Author: Erin Opar (page 1 of 2)

A Reflection on Service Learning

Students in PHAR 150’s Global Health Course spent the past year teamed up with the Des Moines Area Religious Council (DMARC) to take part in service learning. The students were divided into three teams. These are their experiences.

Team 1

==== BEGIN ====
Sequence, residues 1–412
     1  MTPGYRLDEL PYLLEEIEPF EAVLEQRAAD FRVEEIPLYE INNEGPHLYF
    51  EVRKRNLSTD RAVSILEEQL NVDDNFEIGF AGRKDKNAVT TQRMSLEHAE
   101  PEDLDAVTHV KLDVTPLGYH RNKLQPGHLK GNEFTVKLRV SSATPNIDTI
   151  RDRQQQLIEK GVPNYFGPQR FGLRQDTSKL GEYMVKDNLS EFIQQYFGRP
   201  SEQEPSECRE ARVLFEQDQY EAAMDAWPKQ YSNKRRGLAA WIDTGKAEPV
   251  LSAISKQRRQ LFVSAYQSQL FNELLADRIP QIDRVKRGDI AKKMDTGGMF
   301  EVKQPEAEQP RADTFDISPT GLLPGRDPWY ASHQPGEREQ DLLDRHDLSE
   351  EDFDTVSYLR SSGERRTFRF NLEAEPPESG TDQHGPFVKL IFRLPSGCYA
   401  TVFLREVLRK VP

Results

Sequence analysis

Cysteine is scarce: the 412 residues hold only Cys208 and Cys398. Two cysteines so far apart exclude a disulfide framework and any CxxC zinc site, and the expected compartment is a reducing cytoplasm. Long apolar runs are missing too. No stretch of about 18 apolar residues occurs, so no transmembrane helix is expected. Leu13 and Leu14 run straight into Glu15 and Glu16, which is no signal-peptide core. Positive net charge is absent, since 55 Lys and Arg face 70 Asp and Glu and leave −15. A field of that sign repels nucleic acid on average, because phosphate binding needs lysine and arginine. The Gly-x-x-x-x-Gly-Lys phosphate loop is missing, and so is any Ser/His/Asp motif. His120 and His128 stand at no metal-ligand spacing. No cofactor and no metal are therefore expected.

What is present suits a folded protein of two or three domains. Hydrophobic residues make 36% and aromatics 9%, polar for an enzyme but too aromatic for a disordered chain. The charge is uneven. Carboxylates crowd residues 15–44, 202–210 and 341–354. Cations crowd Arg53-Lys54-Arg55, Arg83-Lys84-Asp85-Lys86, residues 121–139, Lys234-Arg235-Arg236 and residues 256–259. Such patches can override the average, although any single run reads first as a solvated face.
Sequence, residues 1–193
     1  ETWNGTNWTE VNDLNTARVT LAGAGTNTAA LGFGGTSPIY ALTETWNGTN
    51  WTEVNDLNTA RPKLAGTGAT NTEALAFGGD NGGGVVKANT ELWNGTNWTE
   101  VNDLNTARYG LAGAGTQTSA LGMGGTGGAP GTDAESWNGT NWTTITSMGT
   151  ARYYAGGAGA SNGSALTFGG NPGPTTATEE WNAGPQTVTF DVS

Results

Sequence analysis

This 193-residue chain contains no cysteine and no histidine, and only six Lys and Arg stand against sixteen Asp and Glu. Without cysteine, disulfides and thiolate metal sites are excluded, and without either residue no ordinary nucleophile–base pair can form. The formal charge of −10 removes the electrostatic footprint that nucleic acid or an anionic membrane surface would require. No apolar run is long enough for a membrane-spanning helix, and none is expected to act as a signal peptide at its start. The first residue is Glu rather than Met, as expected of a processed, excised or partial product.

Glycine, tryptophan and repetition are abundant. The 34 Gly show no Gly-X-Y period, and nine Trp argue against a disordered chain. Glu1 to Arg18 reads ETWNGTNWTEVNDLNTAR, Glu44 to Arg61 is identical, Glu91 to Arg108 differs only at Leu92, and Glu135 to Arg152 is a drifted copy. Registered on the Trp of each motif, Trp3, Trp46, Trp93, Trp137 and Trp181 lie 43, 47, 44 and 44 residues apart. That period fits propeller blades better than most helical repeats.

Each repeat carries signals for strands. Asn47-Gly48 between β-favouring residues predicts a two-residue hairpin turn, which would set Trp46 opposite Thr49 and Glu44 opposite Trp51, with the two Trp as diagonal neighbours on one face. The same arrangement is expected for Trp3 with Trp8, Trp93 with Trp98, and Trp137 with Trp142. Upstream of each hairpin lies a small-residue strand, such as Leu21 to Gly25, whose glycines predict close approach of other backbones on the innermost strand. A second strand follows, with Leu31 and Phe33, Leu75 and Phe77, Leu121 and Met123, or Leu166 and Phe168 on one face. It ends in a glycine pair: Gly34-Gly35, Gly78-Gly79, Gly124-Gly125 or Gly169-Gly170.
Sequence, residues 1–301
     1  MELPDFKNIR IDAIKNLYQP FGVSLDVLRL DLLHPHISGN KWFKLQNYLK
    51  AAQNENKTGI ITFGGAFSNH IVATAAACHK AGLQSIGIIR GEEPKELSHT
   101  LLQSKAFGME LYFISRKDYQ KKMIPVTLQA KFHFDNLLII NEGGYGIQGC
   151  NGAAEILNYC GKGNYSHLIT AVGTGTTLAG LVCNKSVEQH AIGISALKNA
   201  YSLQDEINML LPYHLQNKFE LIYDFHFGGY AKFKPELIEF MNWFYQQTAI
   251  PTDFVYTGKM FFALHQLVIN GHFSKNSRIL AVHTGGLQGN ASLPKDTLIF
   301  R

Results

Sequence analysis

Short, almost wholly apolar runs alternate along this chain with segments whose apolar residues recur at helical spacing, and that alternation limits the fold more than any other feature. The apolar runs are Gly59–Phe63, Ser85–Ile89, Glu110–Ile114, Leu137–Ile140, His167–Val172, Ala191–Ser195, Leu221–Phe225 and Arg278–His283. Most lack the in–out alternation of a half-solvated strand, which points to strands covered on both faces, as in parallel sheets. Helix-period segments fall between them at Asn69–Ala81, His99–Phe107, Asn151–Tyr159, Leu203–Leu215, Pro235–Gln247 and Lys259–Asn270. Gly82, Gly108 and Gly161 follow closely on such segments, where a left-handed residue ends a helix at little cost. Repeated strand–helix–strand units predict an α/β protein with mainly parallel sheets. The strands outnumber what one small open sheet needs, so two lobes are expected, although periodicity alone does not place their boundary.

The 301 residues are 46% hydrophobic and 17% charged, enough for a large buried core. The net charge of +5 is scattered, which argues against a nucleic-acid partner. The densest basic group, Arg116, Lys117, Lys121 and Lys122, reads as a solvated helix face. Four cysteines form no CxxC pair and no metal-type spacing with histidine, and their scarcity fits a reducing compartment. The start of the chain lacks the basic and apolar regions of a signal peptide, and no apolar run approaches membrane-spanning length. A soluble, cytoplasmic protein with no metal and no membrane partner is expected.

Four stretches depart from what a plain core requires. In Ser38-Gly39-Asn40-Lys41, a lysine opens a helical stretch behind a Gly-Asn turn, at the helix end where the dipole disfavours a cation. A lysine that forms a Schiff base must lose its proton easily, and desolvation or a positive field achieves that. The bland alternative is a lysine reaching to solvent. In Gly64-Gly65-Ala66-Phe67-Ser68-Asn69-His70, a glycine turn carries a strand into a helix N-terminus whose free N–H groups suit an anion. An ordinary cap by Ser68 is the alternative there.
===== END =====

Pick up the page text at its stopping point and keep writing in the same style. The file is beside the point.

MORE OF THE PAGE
Throughout the course of this semester, our class partnered with three different DMARC food pantries. At our site, we helped restock shelves, walked the patrons through the aisles, and administered anonymous surveys to collect data on various social determinants of health and food insecurity. We have learned more about the food pantry and DMARC through interacting with the pantry staff. Analyzing the surveys and conducting a focus group allowed us to assess the population needs. Our focus group was an open discussion where we discussed the patrons’ perceptions of the pantry, use of the pantry and other food banks/kitchens, and other resources they were in need of. The patrons were very willing to share their personal experiences with the group, which resulted in an engaging conversation and mentionedseveral ideas we could bring up to the pantry directors, such as creating a resource contact list for various services such as mental health, health insurance, housing, and employment.